Catalytic conversation with Laressa Watlington and Paul Voakes

Catalytic conversation with Laressa Watlington, freelance multimedia journalist and former editor of, and Paul Voakes, professor of journalism and faculty director of the Digital News Test Kitchen, University of Colorado Boulder.

We were surprised at how closely aligned our thinking was – Laressa being a practicing journalist and Paul being a longtime educator.

We both foresee, five years hence, a robust journalism system in Colorado that is characterized by partnerships among smaller, not-for-profit news outlets and no longer dominated by a handful of newspapers and stations directed from corporate HQ elsewhere. We see programs like DU and CU working more closely than now with several of these professional news outlets, on both news coverage and longer-term projects. We see the larger mainstream survivors playing greater roles as curators and editors of the journalistic content provided by smaller outlets (who in turn will work with freelance specialists and advanced journalism students) – in addition to curating and editing social media and other citizen-generated news and commentary.

We see the path to that future coming into focus already. Not-for-profit outlets like I-News and Colorado Public News have managed to stabilize financially while providing in-depth reporting about issues important to state residents. They have already formed partnerships with a few of the larger media organizations in Denver. They are using the talents of university students on a limited basis.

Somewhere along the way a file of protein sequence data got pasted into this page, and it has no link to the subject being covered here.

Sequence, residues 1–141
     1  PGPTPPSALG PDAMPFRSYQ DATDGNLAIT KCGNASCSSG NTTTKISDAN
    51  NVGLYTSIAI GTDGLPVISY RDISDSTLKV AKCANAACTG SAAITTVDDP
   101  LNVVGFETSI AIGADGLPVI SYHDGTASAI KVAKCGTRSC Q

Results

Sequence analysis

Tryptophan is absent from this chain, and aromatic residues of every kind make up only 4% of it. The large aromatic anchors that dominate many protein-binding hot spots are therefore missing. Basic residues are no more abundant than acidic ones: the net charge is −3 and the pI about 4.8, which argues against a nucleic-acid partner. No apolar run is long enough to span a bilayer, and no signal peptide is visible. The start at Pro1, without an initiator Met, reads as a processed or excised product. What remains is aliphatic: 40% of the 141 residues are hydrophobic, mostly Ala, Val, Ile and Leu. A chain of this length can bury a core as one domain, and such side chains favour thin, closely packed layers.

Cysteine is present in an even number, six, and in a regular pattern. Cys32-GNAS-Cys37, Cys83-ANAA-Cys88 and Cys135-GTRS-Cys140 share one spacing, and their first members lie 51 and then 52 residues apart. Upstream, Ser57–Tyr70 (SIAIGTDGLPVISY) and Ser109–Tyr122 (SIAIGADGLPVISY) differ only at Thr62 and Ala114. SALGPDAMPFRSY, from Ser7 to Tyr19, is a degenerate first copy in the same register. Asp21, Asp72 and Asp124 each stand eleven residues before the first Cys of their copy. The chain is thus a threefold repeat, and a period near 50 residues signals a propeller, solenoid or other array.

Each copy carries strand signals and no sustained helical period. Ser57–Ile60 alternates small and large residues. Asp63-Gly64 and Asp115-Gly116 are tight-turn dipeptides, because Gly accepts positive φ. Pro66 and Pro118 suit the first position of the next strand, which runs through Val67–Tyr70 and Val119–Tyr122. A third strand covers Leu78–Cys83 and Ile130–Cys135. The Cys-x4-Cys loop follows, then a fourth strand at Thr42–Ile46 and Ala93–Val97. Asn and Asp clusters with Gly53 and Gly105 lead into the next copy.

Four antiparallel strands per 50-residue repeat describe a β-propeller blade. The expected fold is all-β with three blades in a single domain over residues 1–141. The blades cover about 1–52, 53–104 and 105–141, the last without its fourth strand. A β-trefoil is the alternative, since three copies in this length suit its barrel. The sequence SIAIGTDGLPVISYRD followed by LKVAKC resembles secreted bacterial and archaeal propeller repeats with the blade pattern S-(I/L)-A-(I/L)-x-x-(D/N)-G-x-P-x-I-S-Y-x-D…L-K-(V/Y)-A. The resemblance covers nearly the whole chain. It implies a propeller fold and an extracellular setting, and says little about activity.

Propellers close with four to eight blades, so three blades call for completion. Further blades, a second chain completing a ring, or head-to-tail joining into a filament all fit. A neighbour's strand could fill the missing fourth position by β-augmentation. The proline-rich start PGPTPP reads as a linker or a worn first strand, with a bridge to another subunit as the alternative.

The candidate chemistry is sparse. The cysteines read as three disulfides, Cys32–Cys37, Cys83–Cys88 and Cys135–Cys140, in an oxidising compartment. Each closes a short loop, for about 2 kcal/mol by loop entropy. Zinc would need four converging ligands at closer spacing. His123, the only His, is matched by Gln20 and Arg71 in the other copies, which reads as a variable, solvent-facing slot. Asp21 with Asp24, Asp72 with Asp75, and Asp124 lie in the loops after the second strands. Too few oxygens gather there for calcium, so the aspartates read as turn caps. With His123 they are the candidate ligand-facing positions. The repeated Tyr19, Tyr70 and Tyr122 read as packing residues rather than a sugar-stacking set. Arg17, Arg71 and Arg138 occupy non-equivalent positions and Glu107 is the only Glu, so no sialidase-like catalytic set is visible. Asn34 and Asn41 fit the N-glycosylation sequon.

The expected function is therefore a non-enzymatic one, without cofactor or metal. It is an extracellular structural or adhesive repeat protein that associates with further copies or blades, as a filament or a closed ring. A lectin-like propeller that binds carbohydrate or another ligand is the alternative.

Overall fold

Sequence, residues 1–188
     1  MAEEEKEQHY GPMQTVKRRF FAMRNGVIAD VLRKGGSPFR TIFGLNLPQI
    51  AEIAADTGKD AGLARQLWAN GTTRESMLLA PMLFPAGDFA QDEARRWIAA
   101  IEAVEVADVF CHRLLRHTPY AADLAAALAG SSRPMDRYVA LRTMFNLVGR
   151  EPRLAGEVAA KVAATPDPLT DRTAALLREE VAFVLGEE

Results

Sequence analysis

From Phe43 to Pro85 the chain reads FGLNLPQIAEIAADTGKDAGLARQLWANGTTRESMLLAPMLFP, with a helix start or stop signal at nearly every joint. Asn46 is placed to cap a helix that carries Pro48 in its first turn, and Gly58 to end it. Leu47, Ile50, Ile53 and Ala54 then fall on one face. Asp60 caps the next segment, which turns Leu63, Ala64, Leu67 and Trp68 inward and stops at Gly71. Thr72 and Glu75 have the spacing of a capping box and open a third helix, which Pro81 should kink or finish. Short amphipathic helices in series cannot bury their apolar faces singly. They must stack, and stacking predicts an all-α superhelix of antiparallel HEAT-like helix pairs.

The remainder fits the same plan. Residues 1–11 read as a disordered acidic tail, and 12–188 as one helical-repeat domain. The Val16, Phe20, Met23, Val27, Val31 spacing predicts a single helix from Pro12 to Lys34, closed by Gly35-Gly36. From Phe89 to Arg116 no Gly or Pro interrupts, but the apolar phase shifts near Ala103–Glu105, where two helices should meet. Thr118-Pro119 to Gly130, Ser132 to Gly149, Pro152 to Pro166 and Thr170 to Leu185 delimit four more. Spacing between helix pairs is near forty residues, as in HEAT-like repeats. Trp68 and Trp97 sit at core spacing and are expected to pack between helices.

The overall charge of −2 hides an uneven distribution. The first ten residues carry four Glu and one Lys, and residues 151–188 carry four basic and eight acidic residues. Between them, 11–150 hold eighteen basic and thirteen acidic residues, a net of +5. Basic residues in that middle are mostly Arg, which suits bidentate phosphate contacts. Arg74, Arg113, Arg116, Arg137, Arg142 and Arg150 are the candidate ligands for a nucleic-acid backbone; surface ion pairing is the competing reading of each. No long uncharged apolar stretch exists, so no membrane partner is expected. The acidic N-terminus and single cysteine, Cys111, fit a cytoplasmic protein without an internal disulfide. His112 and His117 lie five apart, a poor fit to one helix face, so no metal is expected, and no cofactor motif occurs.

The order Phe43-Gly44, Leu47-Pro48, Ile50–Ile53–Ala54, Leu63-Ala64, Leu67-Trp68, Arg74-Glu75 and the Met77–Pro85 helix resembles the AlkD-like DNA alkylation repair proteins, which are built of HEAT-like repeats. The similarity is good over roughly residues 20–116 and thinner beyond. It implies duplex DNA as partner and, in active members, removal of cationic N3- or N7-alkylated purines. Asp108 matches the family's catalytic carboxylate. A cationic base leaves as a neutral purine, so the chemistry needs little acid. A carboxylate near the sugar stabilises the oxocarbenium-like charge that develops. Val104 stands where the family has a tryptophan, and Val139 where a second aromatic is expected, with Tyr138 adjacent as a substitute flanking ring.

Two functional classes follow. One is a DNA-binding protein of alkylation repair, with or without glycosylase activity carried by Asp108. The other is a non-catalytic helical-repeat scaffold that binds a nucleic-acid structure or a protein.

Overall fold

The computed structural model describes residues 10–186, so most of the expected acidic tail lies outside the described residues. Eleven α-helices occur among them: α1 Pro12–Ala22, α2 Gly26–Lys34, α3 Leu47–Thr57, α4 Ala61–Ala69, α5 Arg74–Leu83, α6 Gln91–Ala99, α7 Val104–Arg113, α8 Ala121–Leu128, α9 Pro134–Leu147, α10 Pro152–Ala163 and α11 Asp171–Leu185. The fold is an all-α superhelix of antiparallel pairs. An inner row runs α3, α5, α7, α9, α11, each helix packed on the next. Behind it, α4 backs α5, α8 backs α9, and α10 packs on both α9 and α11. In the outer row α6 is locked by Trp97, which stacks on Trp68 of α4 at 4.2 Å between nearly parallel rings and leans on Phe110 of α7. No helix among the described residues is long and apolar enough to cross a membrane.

We are concerned about the current system’s ability to cover underrepresented communities adequately. As Colorado’s cultural diversity increases each year, this coverage concern becomes increasingly important for community-building and for democratic practices in general. But covering non-mainstream populations doesn’t fit with the logic of corporate media. We hope that the emerging ecology of Colorado media can be inclusive enough to accommodate the information needs of all Coloradans.

We look forward to discussing these issues at Journalism That Matters: “Journalism is Dead; Long Live Journalism.”

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